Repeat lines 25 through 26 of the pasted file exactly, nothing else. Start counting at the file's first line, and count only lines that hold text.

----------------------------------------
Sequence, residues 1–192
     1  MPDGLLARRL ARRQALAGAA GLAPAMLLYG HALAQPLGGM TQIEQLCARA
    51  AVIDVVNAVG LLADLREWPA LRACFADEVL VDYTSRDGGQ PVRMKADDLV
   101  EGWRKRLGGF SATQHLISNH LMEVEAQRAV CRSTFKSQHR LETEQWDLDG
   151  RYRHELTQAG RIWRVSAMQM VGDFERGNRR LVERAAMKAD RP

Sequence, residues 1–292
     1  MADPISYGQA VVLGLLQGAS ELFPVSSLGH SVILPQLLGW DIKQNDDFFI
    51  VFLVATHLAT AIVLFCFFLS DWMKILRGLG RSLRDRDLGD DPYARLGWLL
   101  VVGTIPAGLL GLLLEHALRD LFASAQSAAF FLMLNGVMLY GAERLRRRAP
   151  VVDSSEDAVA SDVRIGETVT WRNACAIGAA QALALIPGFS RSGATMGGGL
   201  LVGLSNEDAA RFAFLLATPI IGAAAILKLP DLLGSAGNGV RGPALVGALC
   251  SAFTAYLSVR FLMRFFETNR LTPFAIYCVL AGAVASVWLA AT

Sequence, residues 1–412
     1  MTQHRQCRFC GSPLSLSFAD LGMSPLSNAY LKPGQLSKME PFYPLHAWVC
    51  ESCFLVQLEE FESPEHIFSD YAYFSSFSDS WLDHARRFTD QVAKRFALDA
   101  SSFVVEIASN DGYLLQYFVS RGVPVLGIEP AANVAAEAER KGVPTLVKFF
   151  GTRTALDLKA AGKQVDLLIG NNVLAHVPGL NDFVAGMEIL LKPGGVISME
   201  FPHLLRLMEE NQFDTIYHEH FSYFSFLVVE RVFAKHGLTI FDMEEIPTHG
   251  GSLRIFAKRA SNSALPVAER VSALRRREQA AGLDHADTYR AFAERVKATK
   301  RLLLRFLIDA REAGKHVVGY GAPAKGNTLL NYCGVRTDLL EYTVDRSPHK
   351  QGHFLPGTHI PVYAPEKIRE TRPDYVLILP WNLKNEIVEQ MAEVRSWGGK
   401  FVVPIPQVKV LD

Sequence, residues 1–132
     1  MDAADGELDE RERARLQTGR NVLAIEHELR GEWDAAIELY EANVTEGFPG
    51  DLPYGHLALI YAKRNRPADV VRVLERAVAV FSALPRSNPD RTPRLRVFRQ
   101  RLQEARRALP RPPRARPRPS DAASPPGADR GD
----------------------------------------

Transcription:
    51  DLPYGHLALI YAKRNRPADV VRVLERAVAV FSALPRSNPD RTPRLRVFRQ
   101  RLQEARRALP RPPRARPRPS DAASPPGADR GD